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The aim of the paper is to discuss the role of the line manager in implementing to plan, implement and evaluate successful organizational interventions using our experiences from the ARK-program. Earlier literature has shown that line managers have a major influence on an intervention’s outcomes (Nielsen, 2017; Saksvik, Nytrø, Dahl-Jørgensen, & Mikkelsen, 2002), however, there is a lack of knowledge about the managements’ role throughout the entire intervention process and how line managers are influenced by the context at different levels. We therefore discuss the line managers’ role within the five phase cycle of an organizational intervention, including preparation, screening, action planning, implementation and evaluation. We also introduce a more in-depth understanding of the context by using of the IGLO-model (Individual, Group, Leadership and Organizational level). Based on our knowledge and experience from the ARK-program we make some recommendations for (a) what the line managers need throughout the five phases in order to contribute to a successful intervention, and (b) on what the line manager has to provide in order to develop and implement a successful intervention process.
Our study explores the validity of a game-based assessment method assessing candidates’ soft skills. Using self-reported measures of performance, (job performance, Organizational Citizenship Behaviors (OCBs), and Great Point Average (GPA), we examined the criterion-related and incremental validity of a game-based assessment, above and beyond the effect of cognitive ability and personality. Our findings indicate that a game-based assessment measuring soft skills (adaptability, flexibility, resilience and decision making) can predict self-reported job and academic performance. Moreover, a game-based assessment can predict academic performance above and beyond personality and cognitive ability tests. The effectiveness of gamification in personnel selection is discussed along with research and practical implications introducing recruiters and HR professionals to an innovative selection technique.
Identifying patients at increased risk of suicide remains a challenge today. It has been reported that 10% of patients committing a suicide attempt end up dying and that both the risk and the severity of clinical symptomatology increase with the number of attempts. Within the framework of selective and indicated prevention, it is essential to identify the group of patients with an increased risk of recurrence. The objective of this study is to identify factors predicting suicide attempt relapse to improve the decision making process in the therapeutic approach to suicidal behavior. The methodology employed was a longitudinal design aimed at identifying factors, in a binary logistic regression model (stepwise), predicting the repetition of suicidal behavior among a sample of 417 participants aged between 8 and 17 years old, at the six months follow-up. A statistically significant model χ2(3, N = 417) = 18.610; p < .001; Nagelkerke R2 = .096 including the following factors was obtained: current diagnosis of personality disorder/maladaptive personality OR = .806, p = .028, 95% CI [1.091, 4.595], personal history of self-injury OR = .728, p = .043, 95% CI [1.023, 4.192], and family history of psychopathological diagnosis OR = .925, p = .021, 95% CI [1.151, 5.530]. Considering these results, having a diagnosis of personality disorder or maladaptive personality traits, presence or history of self-harm and family history of psychopathology draws a predictive profile of autolytic attempt recurrence during the six months after the initial intervention at the emergency room.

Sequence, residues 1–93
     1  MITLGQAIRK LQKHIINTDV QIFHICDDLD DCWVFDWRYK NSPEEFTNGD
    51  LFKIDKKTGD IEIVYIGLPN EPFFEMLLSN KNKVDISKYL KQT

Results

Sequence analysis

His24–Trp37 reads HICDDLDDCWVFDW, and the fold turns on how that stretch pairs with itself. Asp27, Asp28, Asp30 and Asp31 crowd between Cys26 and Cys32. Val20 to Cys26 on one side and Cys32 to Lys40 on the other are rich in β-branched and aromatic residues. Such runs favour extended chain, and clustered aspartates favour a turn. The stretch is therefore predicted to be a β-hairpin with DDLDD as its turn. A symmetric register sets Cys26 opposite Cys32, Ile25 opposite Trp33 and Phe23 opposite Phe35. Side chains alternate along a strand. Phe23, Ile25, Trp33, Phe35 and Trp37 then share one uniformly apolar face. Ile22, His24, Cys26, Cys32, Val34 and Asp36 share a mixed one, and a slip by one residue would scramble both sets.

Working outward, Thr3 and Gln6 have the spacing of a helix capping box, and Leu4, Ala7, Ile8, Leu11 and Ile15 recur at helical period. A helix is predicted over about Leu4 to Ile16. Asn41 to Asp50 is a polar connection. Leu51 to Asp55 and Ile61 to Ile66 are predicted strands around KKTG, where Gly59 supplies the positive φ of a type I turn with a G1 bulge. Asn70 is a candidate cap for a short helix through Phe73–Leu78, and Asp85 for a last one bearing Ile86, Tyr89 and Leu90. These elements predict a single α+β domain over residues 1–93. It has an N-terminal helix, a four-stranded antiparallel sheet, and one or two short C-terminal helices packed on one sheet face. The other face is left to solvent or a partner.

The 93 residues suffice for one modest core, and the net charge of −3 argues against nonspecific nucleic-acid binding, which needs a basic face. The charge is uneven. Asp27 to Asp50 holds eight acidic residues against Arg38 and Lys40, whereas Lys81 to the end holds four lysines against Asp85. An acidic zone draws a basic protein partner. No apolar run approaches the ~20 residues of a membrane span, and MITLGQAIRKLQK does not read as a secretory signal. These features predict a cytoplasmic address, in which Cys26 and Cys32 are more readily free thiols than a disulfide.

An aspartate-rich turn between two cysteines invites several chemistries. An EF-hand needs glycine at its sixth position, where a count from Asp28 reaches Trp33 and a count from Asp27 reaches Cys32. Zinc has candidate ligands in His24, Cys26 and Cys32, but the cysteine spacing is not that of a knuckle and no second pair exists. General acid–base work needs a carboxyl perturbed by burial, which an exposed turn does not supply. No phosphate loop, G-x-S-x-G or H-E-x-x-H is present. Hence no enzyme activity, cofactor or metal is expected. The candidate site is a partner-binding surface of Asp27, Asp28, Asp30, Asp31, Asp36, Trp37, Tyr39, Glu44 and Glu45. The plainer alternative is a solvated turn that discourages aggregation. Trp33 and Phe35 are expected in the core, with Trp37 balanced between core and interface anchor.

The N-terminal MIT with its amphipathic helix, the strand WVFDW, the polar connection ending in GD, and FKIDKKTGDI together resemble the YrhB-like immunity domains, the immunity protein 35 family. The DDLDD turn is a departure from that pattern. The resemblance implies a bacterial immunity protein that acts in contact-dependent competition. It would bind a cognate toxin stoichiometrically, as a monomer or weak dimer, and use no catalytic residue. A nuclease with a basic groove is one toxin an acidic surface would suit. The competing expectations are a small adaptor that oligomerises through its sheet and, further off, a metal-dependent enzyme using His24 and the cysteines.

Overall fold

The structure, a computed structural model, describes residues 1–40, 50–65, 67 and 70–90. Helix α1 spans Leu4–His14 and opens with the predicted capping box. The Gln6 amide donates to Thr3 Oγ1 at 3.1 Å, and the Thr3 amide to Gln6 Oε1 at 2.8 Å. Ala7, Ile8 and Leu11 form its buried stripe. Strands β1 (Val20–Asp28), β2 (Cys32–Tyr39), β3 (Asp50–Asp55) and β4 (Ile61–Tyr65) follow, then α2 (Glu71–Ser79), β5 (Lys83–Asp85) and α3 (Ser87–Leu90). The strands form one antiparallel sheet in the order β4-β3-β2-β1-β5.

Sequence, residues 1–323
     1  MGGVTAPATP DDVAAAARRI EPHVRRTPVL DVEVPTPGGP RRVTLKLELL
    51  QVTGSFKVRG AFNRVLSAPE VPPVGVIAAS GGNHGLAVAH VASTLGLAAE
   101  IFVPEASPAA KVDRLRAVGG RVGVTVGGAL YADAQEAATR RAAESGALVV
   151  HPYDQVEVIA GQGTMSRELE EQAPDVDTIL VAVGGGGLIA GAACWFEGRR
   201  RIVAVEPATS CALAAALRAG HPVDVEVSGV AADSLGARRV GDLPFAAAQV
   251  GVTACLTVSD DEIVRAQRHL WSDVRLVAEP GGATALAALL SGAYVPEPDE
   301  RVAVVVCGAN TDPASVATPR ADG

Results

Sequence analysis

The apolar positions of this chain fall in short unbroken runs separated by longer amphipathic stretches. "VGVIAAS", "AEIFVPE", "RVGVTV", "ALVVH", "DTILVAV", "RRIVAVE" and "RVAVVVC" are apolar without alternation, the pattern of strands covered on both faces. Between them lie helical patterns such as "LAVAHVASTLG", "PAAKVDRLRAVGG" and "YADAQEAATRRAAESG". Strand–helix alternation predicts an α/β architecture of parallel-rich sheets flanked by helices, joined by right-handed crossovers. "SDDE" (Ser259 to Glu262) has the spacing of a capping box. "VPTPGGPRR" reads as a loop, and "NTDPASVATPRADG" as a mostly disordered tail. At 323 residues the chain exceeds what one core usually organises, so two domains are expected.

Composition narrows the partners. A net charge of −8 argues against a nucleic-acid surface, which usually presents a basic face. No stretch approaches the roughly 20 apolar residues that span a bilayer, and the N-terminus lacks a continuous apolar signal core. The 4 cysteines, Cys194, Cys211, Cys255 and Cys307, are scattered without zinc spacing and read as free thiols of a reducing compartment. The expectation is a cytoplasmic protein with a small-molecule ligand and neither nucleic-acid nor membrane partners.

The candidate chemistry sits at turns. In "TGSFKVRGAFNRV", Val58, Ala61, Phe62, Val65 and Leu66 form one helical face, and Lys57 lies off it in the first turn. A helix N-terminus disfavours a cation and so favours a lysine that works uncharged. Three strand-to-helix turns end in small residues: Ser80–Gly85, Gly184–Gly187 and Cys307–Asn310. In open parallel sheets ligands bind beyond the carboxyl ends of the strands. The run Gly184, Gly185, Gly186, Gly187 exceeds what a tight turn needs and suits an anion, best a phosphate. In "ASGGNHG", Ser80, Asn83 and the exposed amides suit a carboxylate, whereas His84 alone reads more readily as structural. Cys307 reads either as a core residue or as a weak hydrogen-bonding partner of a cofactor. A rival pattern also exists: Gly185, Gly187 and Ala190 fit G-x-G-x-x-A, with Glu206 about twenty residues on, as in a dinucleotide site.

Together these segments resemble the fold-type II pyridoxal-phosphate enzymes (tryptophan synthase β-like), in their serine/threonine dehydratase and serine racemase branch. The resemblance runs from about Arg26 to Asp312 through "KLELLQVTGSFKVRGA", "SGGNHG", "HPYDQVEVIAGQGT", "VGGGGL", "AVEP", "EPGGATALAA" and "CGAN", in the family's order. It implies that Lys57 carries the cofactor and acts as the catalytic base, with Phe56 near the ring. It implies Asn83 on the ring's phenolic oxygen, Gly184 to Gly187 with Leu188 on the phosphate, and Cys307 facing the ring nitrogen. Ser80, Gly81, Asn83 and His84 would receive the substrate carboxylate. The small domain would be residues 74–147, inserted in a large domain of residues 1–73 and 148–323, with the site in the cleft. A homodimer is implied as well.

Developmental, Differential and Personality Psychology
Framed in cognitive-motivational-relational theory of emotions (Lazarus, 1999), this study aimed to test how coping mediated the relationship between competitive anxiety and sport commitment in a sample of adolescent athletes. Five-hundred adolescents (M = 16.42; SD = 1.54) participated in our study. Participants completed competitive anxiety, coping, and sport commitment measures. We defined the measurement model using confirmatory factor analysis and exploratory structural equation modeling; and compared two different models of mediation (i.e., total and partial mediation) using structural equation modeling. Results favored partial mediation model where cognitive anxiety factors predicted sport commitment. Results from this model suggest direct and mediated structural relations between concepts. Somatic anxiety had a weak influence on sport commitment (total effects = 0.090 [–.131, .311]). Worry showed a positive influence on sport commitment (total effects = .375 [.262, .486]) through direct and mediated effects. Concentration disruption showed a negative impact on sport commitment (total effects = –.544 [–.724, –.363]) trough mediated effects only, showing a negative path on task-oriented coping and a positive path on disengagement-oriented coping. As a whole, our findings identify task coping efforts undertaken by adolescent athletes as a key element in the relationship between competitive anxiety and sport commitment. These findings provide preliminary evidence for the design of coping interventions in adolescents.
This study among 80 dual-earner couples examines the ripple effects of emotional labour – on a daily basis. Specifically, we propose that employees who engage in surface acting at work drain their energetic resources, and undermine their own relationship satisfaction. Drawing upon conservation of resources (COR) theory, we predicted that work-related exhaustion would mediate the relationship between surface acting at work and at home. In addition, we hypothesized that employees’ emotional energy in the evening would mediate the relationship between surface acting at home and (actor and partner) satisfaction with the relationship. Participants filled in a survey and a diary booklet during five consecutive working days (N = 80 couples, N = 160 participants x 5 days, N = 800 occasions). The hypotheses were tested with multilevel analyses, using the actor–partner interdependence model. Results showed that daily work-related exhaustion partially mediated the relationship between daily surface acting at work and at home. As hypothesized, daily surface acting at home influenced own and partner’s daily relationship satisfaction through reduced daily emotional energy. These findings offer support for COR theory, and have important implications for organizations that encourage emotion regulation.